One of the main reasons this system ultimately failed, its bad gimmick.

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  3. One of the main reasons this system ultimately failed, its bad gimmick.

User Info: the_NGW

the_NGW
3 months ago#1
See: Star Fox Zero forcing you to use two screens to play it properly.

The Wii was built around the Wii remote, motion controls being a major factor in console gaming more or less for the first time. It was a fun and interesting gimmick that led to a lot of really fun and casual or cool games that were either built around it (Wii Sports) or implemented it (No More Heroes, MadWorld) well. Casuals ate it up because they could spend their Sunday nights bowling with grandma (not gonna lie, we had a lot of fun passing the remotes around at my grandma's house when we still had regular get togethers there), which really pushed the system sales-wise, which led to it receiving better support than expected and several developers were even open to experimenting with what the system had to offer.

The Wii U had...an expensive controller that had a screen attached to it that offered more frustrating gimmicks than anything helpful when it was being used for anything other than quirky multiplayer options or maps/menu screens. Devs didn't know what to do with it, Nintendo didn't know what to do with it and when they tried something with it, it actively made the game worse because of it (Star Fox Zero). The best thing it offered was off tv play, which is likely at least part of what inspired the Switch, which makes far far better use of its own "gimmick" as a selling point.

I can't recall, but weren't you only able to connect one at a time as well? I seem to remember something about that too.

There really were just no good options for ways to implement the thing. As I said, Star Fox Zero showed one of the biggest reasons it was a bad idea and why most wouldn't work. The best use of it I could think of would be something like Pokemon Snap where you used it like a giant camera and held it up to take pictures or something. Otherwise, yeah it really was just best to use as a menu/inventory/map screen in your hands or something.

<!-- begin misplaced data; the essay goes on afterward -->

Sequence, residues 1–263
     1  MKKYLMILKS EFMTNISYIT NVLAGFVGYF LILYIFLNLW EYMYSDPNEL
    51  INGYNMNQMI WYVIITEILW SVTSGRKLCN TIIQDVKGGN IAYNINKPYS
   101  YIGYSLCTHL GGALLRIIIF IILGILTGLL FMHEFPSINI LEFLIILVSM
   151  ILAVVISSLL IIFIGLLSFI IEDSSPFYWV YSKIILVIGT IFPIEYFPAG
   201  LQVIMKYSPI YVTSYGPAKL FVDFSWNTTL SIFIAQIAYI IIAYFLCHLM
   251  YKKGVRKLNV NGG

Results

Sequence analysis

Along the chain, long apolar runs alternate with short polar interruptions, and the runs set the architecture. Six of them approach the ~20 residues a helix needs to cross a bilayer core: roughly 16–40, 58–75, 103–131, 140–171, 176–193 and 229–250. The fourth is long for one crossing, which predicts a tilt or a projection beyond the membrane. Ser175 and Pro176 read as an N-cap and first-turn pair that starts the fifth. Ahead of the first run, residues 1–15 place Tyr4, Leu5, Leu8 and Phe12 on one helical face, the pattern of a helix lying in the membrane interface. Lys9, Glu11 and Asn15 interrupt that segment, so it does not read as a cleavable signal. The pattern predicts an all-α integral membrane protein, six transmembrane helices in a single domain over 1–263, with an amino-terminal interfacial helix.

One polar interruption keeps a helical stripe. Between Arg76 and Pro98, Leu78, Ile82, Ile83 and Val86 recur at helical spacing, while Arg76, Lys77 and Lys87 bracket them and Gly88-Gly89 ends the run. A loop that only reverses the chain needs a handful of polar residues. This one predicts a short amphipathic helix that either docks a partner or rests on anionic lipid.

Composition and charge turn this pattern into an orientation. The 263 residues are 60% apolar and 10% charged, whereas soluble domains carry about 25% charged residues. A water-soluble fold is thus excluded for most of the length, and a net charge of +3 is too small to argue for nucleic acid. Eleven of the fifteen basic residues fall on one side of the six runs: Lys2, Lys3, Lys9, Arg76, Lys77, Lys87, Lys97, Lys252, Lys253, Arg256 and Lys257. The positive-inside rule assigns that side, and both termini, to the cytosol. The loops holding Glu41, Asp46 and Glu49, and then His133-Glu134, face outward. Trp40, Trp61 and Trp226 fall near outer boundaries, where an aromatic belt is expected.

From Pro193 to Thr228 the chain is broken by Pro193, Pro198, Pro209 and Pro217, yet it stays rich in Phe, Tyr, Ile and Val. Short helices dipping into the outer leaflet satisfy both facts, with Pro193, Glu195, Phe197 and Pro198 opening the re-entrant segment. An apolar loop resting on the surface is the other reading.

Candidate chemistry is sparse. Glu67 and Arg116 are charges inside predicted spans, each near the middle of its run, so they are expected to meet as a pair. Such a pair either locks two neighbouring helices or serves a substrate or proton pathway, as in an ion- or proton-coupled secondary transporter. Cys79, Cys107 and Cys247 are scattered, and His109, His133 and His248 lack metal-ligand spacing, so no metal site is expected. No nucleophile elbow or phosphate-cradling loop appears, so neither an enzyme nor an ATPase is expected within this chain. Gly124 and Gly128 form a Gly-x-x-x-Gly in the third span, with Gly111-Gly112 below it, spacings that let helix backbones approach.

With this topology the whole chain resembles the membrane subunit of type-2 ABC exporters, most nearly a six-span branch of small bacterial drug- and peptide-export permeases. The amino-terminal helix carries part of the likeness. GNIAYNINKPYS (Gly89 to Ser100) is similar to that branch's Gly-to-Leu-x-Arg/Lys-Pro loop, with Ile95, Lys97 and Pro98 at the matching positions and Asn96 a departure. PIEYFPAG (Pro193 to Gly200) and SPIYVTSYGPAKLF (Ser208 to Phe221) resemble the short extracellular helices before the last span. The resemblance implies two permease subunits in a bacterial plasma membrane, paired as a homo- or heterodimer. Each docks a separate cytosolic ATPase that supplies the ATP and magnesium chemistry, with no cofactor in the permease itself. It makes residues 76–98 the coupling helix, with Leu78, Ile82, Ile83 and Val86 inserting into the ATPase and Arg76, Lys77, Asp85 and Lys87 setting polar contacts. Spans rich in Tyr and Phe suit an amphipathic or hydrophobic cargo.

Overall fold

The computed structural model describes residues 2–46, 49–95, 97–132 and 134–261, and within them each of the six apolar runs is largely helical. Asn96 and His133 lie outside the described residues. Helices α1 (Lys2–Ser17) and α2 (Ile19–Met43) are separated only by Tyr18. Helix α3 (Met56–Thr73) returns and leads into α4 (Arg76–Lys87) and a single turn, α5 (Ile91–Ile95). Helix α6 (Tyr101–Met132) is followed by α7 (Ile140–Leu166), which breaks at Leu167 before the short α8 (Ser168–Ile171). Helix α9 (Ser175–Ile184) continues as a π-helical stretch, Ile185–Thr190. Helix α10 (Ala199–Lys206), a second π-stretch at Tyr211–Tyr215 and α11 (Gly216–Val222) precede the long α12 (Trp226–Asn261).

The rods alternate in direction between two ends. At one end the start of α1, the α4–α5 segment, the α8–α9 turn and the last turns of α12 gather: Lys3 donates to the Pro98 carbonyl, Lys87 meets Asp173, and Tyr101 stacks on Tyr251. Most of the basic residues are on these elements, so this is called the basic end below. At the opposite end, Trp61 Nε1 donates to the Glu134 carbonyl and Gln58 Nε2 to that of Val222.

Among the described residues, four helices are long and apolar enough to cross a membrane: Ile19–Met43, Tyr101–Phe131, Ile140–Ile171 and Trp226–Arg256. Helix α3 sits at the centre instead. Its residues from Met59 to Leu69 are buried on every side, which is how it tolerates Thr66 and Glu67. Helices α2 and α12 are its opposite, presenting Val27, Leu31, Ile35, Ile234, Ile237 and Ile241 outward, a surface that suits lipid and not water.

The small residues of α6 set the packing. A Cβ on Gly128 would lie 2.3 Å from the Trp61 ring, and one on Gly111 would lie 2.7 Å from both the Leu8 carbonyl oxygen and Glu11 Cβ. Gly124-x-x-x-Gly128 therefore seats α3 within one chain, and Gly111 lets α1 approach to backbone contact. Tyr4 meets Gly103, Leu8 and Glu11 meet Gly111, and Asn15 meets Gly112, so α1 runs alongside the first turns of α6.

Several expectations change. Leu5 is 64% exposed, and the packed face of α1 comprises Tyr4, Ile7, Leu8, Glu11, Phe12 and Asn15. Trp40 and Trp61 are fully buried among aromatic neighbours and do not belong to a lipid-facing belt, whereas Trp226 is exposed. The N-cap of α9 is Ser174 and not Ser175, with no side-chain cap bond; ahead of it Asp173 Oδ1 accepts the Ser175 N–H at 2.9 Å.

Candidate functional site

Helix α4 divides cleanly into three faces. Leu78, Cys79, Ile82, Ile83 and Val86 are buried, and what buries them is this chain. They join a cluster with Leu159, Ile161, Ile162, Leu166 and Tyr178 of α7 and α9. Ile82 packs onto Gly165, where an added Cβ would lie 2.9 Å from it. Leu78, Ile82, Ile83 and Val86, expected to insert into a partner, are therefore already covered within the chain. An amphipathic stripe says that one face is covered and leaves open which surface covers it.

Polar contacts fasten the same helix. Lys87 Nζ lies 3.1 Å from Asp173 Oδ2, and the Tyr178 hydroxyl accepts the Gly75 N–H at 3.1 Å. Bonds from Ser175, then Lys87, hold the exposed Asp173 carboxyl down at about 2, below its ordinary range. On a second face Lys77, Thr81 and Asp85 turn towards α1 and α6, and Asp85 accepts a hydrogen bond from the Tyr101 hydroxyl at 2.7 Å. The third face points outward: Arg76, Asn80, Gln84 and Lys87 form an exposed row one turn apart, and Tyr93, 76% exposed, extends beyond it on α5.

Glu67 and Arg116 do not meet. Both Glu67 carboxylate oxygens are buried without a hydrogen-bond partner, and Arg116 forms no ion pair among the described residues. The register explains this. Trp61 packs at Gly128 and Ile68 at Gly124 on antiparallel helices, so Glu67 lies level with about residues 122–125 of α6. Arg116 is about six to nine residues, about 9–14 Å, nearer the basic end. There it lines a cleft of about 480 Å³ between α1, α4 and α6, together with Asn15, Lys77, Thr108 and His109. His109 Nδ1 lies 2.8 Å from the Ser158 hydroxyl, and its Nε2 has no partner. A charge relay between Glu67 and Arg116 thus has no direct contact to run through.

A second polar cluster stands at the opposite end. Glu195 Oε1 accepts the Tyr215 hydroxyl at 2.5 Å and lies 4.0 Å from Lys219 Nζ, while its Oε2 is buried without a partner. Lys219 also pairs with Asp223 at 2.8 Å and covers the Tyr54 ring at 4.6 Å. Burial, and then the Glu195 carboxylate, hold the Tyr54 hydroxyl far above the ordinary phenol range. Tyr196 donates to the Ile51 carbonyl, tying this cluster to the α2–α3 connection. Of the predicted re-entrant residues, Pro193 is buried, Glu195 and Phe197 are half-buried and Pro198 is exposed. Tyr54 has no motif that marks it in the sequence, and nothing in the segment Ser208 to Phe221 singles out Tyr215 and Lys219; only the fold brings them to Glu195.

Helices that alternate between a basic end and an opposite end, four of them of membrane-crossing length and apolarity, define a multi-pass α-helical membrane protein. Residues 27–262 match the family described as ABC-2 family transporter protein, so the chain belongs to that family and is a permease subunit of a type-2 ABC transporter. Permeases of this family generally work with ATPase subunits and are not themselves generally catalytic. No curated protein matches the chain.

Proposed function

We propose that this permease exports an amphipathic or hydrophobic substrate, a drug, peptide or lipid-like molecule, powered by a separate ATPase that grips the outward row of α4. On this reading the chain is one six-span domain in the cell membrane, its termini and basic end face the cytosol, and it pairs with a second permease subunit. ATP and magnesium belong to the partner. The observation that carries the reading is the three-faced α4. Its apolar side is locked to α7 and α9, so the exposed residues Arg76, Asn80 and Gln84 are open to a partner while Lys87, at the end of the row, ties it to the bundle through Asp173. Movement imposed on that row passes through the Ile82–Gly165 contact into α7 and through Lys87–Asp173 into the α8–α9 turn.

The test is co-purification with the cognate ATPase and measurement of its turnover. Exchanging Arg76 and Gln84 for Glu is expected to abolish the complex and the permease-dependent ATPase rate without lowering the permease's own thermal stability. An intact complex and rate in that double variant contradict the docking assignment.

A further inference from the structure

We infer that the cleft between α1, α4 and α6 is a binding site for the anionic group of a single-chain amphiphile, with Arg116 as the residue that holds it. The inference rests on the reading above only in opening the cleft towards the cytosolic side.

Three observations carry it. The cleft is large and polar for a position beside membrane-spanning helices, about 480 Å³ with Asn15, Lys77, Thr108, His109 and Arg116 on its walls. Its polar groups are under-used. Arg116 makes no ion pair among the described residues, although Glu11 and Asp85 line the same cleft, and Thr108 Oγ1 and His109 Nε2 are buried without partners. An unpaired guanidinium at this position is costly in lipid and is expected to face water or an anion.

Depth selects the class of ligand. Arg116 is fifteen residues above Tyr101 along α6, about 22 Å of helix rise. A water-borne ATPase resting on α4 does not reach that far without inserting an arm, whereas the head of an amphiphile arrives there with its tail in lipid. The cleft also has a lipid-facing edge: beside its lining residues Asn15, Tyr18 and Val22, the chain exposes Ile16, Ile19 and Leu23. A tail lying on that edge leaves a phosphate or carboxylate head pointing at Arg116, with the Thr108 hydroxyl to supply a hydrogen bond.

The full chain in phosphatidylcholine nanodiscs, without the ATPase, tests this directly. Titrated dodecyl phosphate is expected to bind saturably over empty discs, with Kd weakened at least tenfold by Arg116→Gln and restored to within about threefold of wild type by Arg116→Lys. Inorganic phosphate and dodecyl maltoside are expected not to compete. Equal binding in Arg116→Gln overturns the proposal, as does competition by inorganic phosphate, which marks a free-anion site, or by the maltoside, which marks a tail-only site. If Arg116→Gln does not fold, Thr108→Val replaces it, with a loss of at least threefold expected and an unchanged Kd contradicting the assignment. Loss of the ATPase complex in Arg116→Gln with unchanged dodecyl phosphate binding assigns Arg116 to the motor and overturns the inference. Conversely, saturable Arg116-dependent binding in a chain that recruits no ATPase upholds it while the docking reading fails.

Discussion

GP Vs 2016: Second Place Winner
PSN: ourtheNGW, Now Playing: Elex, Super Mario Odyssey, Doom, Skyrim, Brawlout, Stardew Valley, EDF 4.1, Nine Parchments, Furi

User Info: Skill4Reel

Skill4Reel
3 months ago#2
the_NGW posted...
Devs didn't know what to do with it


https://www.youtube.com/watch?v=VhDOINfwFEs

That is interesting because as someone that spent a lot of time playing online multiplayer games on other (non-Nintendo) platforms before the Wii U was revealed. I still remember this over one hour Ubisoft developer roundtable showcasing several of their developers and what they were going to do with the Wii U gamepad.

In fact, the first presentation of this show was the Ghost Recon Online demo that motivated me to want to buy the console for several reasons. Having an interactive map on the screen to share information with teammates, and using the gamepad for voice chat and possibly text chat as well. When I first saw this demonstration again as someone that plays a lot of online multiplayer. I saw the potential for a leap forward in online console gaming with this controller.

So I kind of get tired of seeing people say that developers didn't know what to do with the gamepad when from the beginning some of the best ideas in games for what the controller was going to be used for were never made. The Wii U saw nothing but developers holding their games back and making excuses for why they didn't want to bring their software to the console.

That is one of the biggest reasons why it failed. Nintendo also knew that their online presence on home consoles with the Wii was lacking. The Wii U was the perfect opportunity for them to correct this, and they did next to nothing about it. The online social applications were never there to fully support their gamepad, and neither were the games.

The controls in Star Fox Zero were a bad idea that reflects some of the people at Nintendo's backwards thinking. When they should have been using dual screen co-op with the gamepad to make incredible online battles that no one else has done before while keeping the controls for the single player game that people were used to. They were instead too busy trying to force feed a gimmick control method into the series that wasn't fun to immediately pick up and play. This can't be blamed on the hardware. It was a bad design choice.

User Info: excitebike64

excitebike64
3 months ago#3
Like this topic
lovecraft223

User Info: Endgame

Endgame
3 months ago#4
The games themselves being bad is the real reason Wii U failed.

Take away the gamepad gimmicks, and Star Fox Zero would just be a soulless rehash of SF64.
I may not agree with what you have to say, but I will fight to the death for my right to fight you to the death. -Stephen Colbert

User Info: Icewitch

Icewitch
3 months ago#5
Endgame posted...
The games themselves being bad is the real reason Wii U failed.

Take away the gamepad gimmicks, and Star Fox Zero would just be a soulless rehash of SF64.


That's not true at all though since many of the Wii U's biggest games are on or are being ported to Switch and are doing very well there.

Wii U's failure wasn't a software problem, it was the console hardware being crap based around a crappy gimmick.
^.^

User Info: Brianst0rm

Brianst0rm
3 months ago#6
Not reading this wall of text

User Info: the_NGW

the_NGW
3 months ago#7
Brianst0rm posted...
Not reading this wall of text


Wall of text, by definition, has no line breaks.
GP Vs 2016: Second Place Winner
PSN: ourtheNGW, Now Playing: Elex, Super Mario Odyssey, Doom, Skyrim, Brawlout, Stardew Valley, EDF 4.1, Nine Parchments, Furi
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